“That really tarnished her and the fact that this Garci wants to run is not only unacceptable. It makes me want to puke,” she said.
Carlos said that beyond saying sorry, Ms Arroyo should have allowed the prosecution of those behind the vote manipulation.
She said that even the international community sent subtle messages that foreign leaders were “distancing from someone who is deemed corrupt.”
Premium on personal loyalty
Carlos said that amid these scandals, Ms Arroyo paid premium on personal loyalty and did not sanction those around her who were suspected of being involved in anomalies.
“She keeps friends, and family even closer. She had kept people who had clearly many allegations against them,” she said.
This, Carlos said, was reflected in the few people being reshuffled to different Cabinet posts.
Miranda said the release of the Hello Garci tapes and Ms Arroyo’s statement of regret strengthened the public’s suspicion that strange things happened in 2004.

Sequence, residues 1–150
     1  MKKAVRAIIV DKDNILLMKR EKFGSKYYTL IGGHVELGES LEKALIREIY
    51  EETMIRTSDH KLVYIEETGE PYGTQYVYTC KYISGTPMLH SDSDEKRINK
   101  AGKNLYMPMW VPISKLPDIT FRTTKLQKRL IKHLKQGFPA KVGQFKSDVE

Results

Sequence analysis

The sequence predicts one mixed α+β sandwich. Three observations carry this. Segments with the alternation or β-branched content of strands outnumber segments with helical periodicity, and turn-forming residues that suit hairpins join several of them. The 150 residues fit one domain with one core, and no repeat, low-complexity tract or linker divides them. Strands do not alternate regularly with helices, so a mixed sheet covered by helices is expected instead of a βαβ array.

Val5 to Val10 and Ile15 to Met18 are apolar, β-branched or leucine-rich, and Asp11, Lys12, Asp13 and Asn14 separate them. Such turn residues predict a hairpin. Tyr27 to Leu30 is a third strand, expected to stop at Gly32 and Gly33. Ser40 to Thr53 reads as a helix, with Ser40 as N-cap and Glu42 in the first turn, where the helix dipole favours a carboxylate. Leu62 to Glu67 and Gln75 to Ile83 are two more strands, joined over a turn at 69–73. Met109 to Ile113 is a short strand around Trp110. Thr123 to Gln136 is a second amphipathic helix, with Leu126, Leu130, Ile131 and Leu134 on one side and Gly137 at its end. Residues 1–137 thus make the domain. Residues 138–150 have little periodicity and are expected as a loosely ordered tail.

“If the very act of voting … is tampered with, then you really touch the rawest of raw nerves,” he said.
“In this country, people have this idea that nothing really happens if the guy on top did not intervene or allow for something to happen and so it is very difficult for people to exclude her from the personalities that might be involved in rendering the results of the 2004 elections suspect,” he said.
Miranda and Carlos said the impeachment proceedings against Ms Arroyo did not represent closure for the many allegations against her.
Every year since 2005, various opposition groups and personalities filed impeachment charges against Ms Arroyo in the House of Representatives, only to be voted down by her allies.
The impeachment exercise, Miranda said, was a wasted opportunity to show transparency.
“If (she) had allowed impeachment, then the people would probably have a kinder assessment of her presidency. But when you would not even allow for the impeachment to take place, people will say the probability is because she does not think she will survive the trial itself. And so you add more and more doubts to what already had become a huge amount of doubt,” he said.
Besides, Carlos noted that the impeachment process was fueled by less than pure motives.